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story.lead_photo.caption Main Street Searcy received two awards recently from the Main Street Arkansas program — the Best Downtown Public Improvement Award for work done around the Courthouse Square and Spring Street, and the Best Facade Restoration Award for work done at the historic Rialto Theater. Shown with the awards are, from left, Mike Parsons, director of the Searcy Parks and Recreation Department; Searcy Mayor David Morris; and Amy Burton, executive director of Main Street Searcy. - Photo by William Harvey

— Efforts to beautify and restore historic downtown Searcy were recognized recently by Main Street Arkansas, a preservation-based economic-development program housed with the Arkansas Historic Preservation Program, an agency of the Department of Arkansas Heritage.

Participants in the statewide program were invited to the Arkansas Municipal League’s 2018 Winter Conference at the Fort Smith Convention Center, where winners of various Main Street Arkansas awards for 2017 were announced.

“Every other year, all Main Street Arkansas directors attend this conference to receive awards,” said Amy Burton, executive director of Main Street Searcy. “This is a good way for all the cities in the Municipal League to learn what’s going on in Main Street Arkansas cities around the state.”

During the opening-night banquet Jan. 11, Searcy’s name was called twice — for the Best Downtown Public Improvement Award and for the Best Facade Restoration Award.

The Best Downtown Public Improvement Award went to the Searcy Downtown Beautification Project and Main Street Searcy for a $517,000 project that improved the Courthouse Square and Spring Street.

The Best Facade Restoration Award went to the Rialto Theater in Searcy, where efforts of the Revive the Rialto Campaign resulted in the restoration of the theater’s Art Deco-style exterior.

“We were very pleased to have received these awards. They are both collaborative efforts. … There were many players in the game,” Burton said.

“The Searcy Downtown Beautification Project is a collaboration of the city, Main Street Searcy, the Searcy Regional Economic Development Corp. and the Searcy Regional Chamber of Commerce. Our local leaders are working together for the betterment of our community,” she said.

“Through the Downtown Beautification Project, we have been able to install some islands around the Courthouse Square that can be filled with trees and seasonal flowers,” Burton said, adding that the islands have access to electrical outlets. “We have also built some new crosswalks, using some of the original brick that is under the asphalt of the street.”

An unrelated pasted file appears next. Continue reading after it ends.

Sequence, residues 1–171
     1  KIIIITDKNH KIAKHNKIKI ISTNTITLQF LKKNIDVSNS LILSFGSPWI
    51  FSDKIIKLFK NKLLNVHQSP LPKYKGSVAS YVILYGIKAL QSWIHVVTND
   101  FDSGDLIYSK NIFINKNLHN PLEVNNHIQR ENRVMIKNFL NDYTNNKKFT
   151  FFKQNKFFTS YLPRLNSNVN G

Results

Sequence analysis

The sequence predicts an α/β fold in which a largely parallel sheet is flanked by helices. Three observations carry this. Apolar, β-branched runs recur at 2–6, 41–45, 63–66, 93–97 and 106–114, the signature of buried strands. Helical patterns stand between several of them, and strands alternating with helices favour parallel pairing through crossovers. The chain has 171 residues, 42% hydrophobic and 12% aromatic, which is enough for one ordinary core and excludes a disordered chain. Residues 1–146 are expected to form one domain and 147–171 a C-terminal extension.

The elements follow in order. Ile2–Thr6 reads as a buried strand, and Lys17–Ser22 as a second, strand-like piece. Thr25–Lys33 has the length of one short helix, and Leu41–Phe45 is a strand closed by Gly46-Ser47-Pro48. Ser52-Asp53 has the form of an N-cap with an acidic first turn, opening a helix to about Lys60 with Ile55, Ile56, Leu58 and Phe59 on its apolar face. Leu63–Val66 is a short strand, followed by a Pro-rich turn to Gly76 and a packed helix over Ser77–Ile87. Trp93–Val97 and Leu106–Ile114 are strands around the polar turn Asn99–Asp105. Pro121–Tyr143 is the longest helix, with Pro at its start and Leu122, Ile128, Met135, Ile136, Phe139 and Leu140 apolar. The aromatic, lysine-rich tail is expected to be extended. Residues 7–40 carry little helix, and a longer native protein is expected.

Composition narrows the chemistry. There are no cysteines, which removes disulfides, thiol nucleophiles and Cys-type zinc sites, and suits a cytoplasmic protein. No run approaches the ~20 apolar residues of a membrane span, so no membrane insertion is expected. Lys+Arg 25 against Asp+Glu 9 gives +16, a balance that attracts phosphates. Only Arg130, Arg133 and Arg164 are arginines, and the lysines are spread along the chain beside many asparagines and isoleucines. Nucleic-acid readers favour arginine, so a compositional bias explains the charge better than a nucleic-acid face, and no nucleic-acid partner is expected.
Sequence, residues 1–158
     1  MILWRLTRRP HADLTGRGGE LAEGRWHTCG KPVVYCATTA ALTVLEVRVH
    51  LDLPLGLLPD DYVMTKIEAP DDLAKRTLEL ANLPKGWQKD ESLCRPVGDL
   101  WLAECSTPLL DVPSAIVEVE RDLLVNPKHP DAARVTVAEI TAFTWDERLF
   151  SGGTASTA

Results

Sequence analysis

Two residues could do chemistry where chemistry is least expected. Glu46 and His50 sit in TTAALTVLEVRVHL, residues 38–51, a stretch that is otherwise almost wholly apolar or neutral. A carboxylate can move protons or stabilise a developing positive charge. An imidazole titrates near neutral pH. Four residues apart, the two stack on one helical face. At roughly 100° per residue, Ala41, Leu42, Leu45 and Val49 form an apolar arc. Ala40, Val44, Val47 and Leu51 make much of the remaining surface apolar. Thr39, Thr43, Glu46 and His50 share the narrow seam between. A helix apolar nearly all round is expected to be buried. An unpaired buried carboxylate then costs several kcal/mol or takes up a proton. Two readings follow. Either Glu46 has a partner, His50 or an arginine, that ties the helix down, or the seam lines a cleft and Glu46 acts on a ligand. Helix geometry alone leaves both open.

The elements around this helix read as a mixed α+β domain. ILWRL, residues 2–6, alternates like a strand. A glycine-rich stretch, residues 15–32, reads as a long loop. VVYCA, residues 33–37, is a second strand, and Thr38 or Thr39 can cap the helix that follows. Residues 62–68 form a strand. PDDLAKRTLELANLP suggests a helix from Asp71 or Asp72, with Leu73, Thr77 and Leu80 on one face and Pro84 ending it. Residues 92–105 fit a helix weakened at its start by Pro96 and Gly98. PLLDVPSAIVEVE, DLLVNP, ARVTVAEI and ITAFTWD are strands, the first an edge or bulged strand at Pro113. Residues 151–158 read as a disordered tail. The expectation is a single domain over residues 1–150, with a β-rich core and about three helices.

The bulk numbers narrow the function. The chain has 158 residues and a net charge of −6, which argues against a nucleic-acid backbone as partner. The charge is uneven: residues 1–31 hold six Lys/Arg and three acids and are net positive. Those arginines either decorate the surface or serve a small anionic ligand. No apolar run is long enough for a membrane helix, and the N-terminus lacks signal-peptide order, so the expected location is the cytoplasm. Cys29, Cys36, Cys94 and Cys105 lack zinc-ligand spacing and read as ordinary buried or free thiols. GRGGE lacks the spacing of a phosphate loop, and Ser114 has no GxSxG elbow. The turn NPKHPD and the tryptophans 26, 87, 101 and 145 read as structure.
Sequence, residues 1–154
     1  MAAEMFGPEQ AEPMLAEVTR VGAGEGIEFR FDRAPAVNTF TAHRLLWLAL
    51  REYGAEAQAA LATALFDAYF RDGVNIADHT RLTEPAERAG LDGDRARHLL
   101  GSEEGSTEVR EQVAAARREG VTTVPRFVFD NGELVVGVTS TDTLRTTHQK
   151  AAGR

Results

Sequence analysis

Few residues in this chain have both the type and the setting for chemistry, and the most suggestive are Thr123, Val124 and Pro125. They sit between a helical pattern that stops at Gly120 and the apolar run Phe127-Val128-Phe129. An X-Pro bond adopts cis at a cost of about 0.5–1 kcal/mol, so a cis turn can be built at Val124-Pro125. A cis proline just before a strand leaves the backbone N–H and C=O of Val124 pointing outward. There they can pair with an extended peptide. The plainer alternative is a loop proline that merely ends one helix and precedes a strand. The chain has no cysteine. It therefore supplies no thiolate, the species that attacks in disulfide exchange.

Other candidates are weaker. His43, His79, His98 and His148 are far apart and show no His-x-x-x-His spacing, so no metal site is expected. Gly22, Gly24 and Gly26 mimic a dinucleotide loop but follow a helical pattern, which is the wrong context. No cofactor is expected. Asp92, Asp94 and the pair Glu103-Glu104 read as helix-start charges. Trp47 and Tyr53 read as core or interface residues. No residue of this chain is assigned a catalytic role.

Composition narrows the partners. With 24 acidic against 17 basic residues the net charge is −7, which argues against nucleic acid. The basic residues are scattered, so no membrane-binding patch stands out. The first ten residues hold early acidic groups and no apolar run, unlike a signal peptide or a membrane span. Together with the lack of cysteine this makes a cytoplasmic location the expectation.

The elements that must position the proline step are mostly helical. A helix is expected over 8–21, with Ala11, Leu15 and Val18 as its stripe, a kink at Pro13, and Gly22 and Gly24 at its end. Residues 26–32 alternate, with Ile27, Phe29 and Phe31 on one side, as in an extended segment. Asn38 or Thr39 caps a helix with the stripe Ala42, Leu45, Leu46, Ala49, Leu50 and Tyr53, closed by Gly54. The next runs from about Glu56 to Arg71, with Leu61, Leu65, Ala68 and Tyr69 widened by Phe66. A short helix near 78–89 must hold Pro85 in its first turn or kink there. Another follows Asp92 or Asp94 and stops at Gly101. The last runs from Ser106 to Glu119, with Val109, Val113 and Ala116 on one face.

Burton said the cost of the restoration of the front of the Rialto Theater, which was built in the 1920s and renovated in the Art Deco-style in 1949, was primarily funded through the city’s general-improvement funds, private donations and a grant from Entergy Arkansas that was used to restore the theater’s neon marquee and other lighting.

Burton said efforts will now turn to the restoration of the theater’s interior.

“We have received a $20,000 grant from the Arkansas Historic Preservation Society to conduct a condition assessment of the Rialto Theater,” she said. “Once we hear the results of that assessment, we will know better how to tackle restoring the interior.”

Searcy Mayor David Morris said the theater was given to the city years ago.

“It has been managed by Victor Weber for the past 23 years. He is in his 90s and retired at the end of 2017,” Morris said.

“We put out a Request for Proposal seeking someone to operate the theater and got three interested parties,” he said. “Then the light came on in my head. … Why can’t the city operate it as part of the Parks and Recreation Department?

“I presented it to the City Council, and they voted for the city to operate the theater.”

Morris said Steven Gifford, network administrator in the city’s information systems department, had worked with Weber for a few years and will continue to help run the theater for the city. Mike Parsons, director of the Searcy Parks and Recreation Department, will oversee the management of the theater.

The Rialto Theater, which is listed on the National Register of Historic Places, has been closed for several weeks during the transition but is scheduled to reopen Friday, showing the family movie Ferdinand.

“We will have a new sound system, new projectors and lighting,” Parsons said. “The seating is OK for now. We will wait until we get the results of the assessment before we do anything else.”

Parsons said the Rialto Theater will continue to operate seven days a week.

“Movies are shown at 6:30 p.m.

every day, as well as at 2 p.m. on Saturday and Sunday,” Parsons said. Matinee tickets are $1, and Tuesday admission is $1; admission at other times is $3.”

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